3 trainers found

Expertise academic: History and Philosophy of S...  or Cancer Genomics  or Ecosystem science 


Aidan Wilson

Aidan Wilson is Intersect's Digital Research Services Manager. Before that he had been a Digital Research Analyst at Intersect Australia since 2015, and in that time has been central to the administration and delivery of Intersect's training platform. Besides delivering training at ACU and...

Location: Sydney, NSW

Wilson Aidan aidan.wilson@intersect.org.au Sydney, NSW Aidan Wilson is Intersect's Digital Research Services Manager. Before that he had been a Digital Research Analyst at Intersect Australia since 2015, and in that time has been central to the administration and delivery of Intersect's training platform. Besides delivering training at ACU and elsewhere on Python, R, REDCap, Qualtrics and other tools, he also manages the systems within Intersect that enable the organisation to train upwards of 6000 researchers per year. ["English"] https://orcid.org/0000-0001-9858-5470
Nick Wong

Based within the Monash Bioinformatics Platform and a certified Carpentries instructor, Nick is also involved with Monash Data Fluency in training and teaching on genomics, bioinformatics and R.

Location: Melbourne, Australia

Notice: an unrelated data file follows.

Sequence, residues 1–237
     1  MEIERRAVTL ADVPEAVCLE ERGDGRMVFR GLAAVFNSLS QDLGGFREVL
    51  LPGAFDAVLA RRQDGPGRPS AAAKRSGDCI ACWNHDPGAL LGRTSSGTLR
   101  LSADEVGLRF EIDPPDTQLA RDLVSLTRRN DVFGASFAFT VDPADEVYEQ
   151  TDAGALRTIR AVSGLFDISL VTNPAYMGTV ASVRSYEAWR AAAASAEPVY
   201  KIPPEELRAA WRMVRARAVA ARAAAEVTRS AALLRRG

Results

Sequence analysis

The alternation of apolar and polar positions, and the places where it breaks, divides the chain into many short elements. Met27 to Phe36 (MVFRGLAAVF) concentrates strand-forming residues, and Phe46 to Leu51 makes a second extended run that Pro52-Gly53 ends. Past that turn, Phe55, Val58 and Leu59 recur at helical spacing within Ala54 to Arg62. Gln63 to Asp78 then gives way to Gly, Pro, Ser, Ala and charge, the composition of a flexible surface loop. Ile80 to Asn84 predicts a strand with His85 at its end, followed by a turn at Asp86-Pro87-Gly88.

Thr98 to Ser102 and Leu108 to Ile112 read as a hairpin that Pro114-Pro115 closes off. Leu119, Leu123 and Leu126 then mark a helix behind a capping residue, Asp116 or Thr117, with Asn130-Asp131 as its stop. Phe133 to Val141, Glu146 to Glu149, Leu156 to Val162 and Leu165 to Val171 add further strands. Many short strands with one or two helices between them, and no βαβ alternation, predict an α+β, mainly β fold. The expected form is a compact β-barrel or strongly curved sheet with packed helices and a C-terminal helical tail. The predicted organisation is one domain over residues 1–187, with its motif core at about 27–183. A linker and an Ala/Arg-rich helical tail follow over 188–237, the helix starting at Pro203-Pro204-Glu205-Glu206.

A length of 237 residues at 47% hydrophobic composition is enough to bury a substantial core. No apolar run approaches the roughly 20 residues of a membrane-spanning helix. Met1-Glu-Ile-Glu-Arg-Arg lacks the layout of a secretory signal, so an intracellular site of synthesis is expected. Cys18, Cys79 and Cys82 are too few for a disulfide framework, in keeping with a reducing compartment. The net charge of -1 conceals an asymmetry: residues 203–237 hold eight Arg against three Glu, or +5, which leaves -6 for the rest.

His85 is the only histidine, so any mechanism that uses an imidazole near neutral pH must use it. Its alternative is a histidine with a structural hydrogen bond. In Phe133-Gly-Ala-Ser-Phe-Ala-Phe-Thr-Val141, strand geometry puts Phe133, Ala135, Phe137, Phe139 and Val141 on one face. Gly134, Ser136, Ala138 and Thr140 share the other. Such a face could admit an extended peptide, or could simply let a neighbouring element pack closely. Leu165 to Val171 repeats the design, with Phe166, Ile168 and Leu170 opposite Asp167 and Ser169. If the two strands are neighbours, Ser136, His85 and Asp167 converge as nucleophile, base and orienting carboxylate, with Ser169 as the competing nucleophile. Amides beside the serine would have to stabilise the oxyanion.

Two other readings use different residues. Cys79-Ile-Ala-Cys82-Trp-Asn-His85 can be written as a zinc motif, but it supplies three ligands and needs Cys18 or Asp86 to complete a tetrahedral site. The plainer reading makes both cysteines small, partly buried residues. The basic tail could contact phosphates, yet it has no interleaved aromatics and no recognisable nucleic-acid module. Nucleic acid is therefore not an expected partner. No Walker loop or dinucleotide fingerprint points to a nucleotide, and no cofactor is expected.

Wong Nick nick.wong@monash.edu Melbourne, Australia Based within the Monash Bioinformatics Platform and a certified Carpentries instructor, Nick is also involved with Monash Data Fluency in training and teaching on genomics, bioinformatics and R. ["English", "Chinese"] https://orcid.org/0000-0003-4393-7541
Tim Langlois

Stereo imagery is widely used by research institutions and management bodies around the world as a cost-effective and non-destructive method to research and monitor fish and habitats (Whitmarsh, Fairweather and Huveneers, 2017). Stereo-video can provide accurate and precise size and range...

Location: GitHub

Langlois Tim tim.langlois@uwa.edu.au GitHub Stereo imagery is widely used by research institutions and management bodies around the world as a cost-effective and non-destructive method to research and monitor fish and habitats (Whitmarsh, Fairweather and Huveneers, 2017). Stereo-video can provide accurate and precise size and range measurements and can be used to study spatial and temporal patterns in fish assemblages (McLean et al., 2016), habitat composition and complexity (Collins et al., 2017), behaviour (Goetze et al., 2017), responses to anthropogenic pressures (Bosch et al., 2022) and the recovery and growth of benthic fauna (Langlois et al. 2020). It is important that users of stereo-video collect, annotate, quality control and store their data in a consistent manner, to ensure data produced is of the highest quality possible and to enable large scale collaborations. Here we collate existing best practices and propose new tools to equip ecologists to ensure that all aspects of the stereo-video workflow are performed in a consistent way. ["English", "French"] https://orcid.org/0000-0001-6404-4000